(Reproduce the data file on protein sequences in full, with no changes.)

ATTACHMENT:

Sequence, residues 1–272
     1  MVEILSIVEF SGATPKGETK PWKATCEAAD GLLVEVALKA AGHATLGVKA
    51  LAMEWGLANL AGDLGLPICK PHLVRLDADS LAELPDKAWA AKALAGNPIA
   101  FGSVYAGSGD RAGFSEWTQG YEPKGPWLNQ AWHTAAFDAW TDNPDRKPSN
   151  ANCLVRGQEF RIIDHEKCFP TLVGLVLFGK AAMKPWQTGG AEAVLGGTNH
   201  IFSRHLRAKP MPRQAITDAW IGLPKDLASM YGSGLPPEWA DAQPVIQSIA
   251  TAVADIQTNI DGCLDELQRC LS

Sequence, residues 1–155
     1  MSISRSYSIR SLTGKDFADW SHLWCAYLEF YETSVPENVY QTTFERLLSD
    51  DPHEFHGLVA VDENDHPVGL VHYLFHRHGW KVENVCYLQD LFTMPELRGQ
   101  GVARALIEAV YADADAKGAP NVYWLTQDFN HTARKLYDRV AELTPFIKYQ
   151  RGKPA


Sequence, residues 1–272
     1  MVEILSIVEF SGATPKGETK PWKATCEAAD GLLVEVALKA AGHATLGVKA
    51  LAMEWGLANL AGDLGLPICK PHLVRLDADS LAELPDKAWA AKALAGNPIA
   101  FGSVYAGSGD RAGFSEWTQG YEPKGPWLNQ AWHTAAFDAW TDNPDRKPSN
   151  ANCLVRGQEF RIIDHEKCFP TLVGLVLFGK AAMKPWQTGG AEAVLGGTNH
   201  IFSRHLRAKP MPRQAITDAW IGLPKDLASM YGSGLPPEWA DAQPVIQSIA
   251  TAVADIQTNI DGCLDELQRC LS

Sequence, residues 1–155
     1  MSISRSYSIR SLTGKDFADW SHLWCAYLEF YETSVPENVY QTTFERLLSD
    51  DPHEFHGLVA VDENDHPVGL VHYLFHRHGW KVENVCYLQD LFTMPELRGQ
   101  GVARALIEAV YADADAKGAP NVYWLTQDFN HTARKLYDRV AELTPFIKYQ
   151  RGKPA